When Gordon Brown telephoned to congratulate Nick Clegg on the morning after he squeaked home in the Liberal Democrat leadership race, he said: "It's important we work together for the benefit of the nation." The next day, David Cameron phoned from China, leaving a similar message on Mr Clegg's mobile.
Politicians should beware embraces by their opponents and any rapid rise in the parties' footsie index. When Tony Blair wooed Paddy Ashdown before the 1997 election, they discussed merging their two parties, while some hard-bitten Blair advisers quietly sniggered that they would "love the Lib Dems to death" in what they dubbed "Operation Hoover".
Mr Clegg was not fooled by all the attention this week. He viewed it as a compliment that the two other leaders were worried enough to chase his natural supporters. Mr Clegg's phone may well be ringing hot after the next election. While senior Labour and Tory figures profess their confidence in victory, many believe privately that a hung parliament is the most likely outcome.
The Liberal Democrats won 22 per cent of the vote in 2005 and those people could easily decide the outcome next time. Mr Clegg believes his task of widening his party's appeal can be helped by the love-bombing by Labour and the Tories.
Why? Mr Brown's overtures to natural liberals might have worked this summer when he hoovered up all before him, but may carry less appeal after his nightmare autumn. It is going to be hard for the Brown government to provide the "change" that all three parties promise.
The Prime Minister dangled the carrot of constitutional change during his friendly chat with Mr Clegg, who replied that he wanted all-encompassing reform rather than the "pick and mix" approach under which changes to the voting system and House of Lords will probably be delayed until after the election.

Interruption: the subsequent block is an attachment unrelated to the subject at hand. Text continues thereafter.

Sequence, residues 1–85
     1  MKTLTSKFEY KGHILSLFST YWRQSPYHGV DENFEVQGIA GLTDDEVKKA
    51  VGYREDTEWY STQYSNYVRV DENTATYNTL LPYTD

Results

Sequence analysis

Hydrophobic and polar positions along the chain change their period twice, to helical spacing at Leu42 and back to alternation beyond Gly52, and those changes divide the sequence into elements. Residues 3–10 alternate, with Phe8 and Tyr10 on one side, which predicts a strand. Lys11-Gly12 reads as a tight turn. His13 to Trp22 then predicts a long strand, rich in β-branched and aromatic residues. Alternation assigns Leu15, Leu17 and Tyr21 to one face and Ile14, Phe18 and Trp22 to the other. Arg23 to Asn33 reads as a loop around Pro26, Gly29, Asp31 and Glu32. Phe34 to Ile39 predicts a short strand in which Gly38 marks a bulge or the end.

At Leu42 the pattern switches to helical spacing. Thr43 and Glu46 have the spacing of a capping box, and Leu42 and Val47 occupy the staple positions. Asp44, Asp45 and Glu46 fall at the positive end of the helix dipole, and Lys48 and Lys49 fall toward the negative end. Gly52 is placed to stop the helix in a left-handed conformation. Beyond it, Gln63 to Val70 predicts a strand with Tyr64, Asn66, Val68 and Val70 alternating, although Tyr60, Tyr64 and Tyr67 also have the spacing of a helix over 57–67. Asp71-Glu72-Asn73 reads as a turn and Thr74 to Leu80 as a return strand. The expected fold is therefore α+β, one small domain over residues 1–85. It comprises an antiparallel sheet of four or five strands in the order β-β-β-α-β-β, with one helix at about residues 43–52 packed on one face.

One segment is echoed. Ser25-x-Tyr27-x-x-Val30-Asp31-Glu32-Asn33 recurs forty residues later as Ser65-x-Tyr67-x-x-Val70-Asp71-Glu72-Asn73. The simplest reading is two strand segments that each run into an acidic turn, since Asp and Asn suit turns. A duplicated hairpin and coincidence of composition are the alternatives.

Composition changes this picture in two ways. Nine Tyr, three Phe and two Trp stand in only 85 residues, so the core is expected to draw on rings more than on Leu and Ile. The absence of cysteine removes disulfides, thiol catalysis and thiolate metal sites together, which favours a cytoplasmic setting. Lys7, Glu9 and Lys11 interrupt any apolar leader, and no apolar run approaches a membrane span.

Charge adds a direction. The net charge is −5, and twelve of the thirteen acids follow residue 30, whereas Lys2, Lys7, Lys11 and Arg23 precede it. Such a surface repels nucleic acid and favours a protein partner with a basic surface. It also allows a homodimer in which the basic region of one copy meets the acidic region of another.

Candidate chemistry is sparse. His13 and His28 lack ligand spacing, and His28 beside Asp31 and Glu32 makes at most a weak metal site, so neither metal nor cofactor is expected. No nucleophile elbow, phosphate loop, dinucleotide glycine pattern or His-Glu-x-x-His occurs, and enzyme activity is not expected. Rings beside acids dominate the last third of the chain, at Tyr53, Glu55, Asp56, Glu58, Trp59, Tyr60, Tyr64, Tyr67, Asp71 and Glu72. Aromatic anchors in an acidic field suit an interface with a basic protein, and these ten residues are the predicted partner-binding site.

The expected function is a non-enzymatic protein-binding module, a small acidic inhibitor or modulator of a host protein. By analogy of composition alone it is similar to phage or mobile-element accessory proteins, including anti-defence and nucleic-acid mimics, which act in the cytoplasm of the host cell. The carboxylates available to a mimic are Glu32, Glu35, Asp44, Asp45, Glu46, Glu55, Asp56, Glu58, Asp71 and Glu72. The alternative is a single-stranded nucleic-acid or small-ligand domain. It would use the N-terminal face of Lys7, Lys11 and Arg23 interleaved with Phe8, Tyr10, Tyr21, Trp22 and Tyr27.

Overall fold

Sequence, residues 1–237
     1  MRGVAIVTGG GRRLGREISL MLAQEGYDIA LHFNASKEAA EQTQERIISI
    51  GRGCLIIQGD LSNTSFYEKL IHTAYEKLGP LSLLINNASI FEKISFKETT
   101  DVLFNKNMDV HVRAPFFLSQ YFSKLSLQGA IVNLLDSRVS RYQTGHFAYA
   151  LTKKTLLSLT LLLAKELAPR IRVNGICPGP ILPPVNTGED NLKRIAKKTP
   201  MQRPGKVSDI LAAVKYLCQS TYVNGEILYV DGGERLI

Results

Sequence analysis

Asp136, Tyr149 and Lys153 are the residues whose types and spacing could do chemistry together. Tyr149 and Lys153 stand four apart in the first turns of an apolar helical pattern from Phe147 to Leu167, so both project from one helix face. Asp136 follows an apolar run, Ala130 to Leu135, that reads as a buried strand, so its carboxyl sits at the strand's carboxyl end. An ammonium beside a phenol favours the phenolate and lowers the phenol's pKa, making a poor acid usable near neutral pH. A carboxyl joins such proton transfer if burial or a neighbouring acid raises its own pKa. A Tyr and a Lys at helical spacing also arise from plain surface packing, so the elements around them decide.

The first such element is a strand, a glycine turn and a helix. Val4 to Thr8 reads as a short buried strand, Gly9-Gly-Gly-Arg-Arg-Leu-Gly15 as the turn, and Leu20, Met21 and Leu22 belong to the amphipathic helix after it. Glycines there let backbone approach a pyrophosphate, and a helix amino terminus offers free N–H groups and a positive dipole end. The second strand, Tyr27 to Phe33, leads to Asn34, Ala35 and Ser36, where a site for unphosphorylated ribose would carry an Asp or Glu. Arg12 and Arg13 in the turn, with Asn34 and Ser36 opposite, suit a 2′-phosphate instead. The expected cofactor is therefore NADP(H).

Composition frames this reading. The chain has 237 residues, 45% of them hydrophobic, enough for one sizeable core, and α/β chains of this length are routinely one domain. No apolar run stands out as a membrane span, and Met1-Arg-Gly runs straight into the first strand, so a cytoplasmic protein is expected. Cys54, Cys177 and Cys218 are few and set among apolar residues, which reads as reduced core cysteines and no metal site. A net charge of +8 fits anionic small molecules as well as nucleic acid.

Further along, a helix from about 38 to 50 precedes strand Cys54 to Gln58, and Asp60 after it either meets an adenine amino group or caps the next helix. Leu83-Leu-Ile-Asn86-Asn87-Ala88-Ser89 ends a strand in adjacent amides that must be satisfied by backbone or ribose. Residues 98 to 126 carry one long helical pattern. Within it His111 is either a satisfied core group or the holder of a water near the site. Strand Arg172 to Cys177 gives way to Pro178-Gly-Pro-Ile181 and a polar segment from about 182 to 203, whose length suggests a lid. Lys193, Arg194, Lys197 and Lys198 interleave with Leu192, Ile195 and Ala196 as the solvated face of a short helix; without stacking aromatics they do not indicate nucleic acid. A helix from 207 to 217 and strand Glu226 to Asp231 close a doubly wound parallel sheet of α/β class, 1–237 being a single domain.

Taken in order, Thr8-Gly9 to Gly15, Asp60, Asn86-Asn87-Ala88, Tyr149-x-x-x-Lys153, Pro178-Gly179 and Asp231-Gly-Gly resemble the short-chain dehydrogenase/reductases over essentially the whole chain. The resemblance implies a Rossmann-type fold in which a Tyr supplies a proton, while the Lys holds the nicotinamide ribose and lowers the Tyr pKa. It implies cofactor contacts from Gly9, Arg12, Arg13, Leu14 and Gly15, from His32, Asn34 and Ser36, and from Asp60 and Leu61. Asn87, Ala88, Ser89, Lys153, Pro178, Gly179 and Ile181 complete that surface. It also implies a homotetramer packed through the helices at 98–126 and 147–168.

Well before Mr Clegg celebrated his narrow victory over an impressive Chris Huhne, Mr Cameron had put on his best liberal clothes. He invited the Lib Dems and Greens to join him in a new "progressive alliance".
This was a cheeky wheeze designed to hijack the "progressive consensus" Mr Brown has repeatedly vowed to build. In a pamphlet, Who's progressive now?, two rising Tory frontbench stars, Greg Clark and Jeremy Hunt, sought to demolish Mr Brown's credentials. It was a daring attempt at political cross-dressing, but the Tories have not yet matched style with substance. Labour is vulnerable to the charge that, for all its talk about creating a more progressive society, social mobility appears to be frozen an indictment after 10 years in power.
Mr Clegg spots a gap in the market. Like the Tories, he suspects Labour's approach of pumping money into public services and "top-down" targets has failed, especially as spending will now be squeezed. But he doesn't buy the Tories' idea of consensus on "decentralising power" as they will not devolve real spending and tax-raising powers.
The leader of our third party is confident he has a third way: the mixed economy in some continental countries under which the state provides the money, but genuinely devolves power to local communities in a "bottom- up" approach. It's fuzzy and needs to be explained crisply so that people know how it would improve their lives. The Lib Dems need more credible policies on public services. The key man to watch will be David Laws, who was given a crucial job covering all public services in Mr Clegg's reshuffle. His agenda may include more diversity in providers and putting consumer interests above those of the producers, which will be controversial for some in his party.
The Liberal Democrats are at a fork in the road. There is only one way to go down the bold route. The new leader didn't have a good campaign, but I suspect the real Nick Clegg will now stand up. He might just surprise us.
Read Andrew Grice online at independent.co.uk/todayinpoliticsReuse content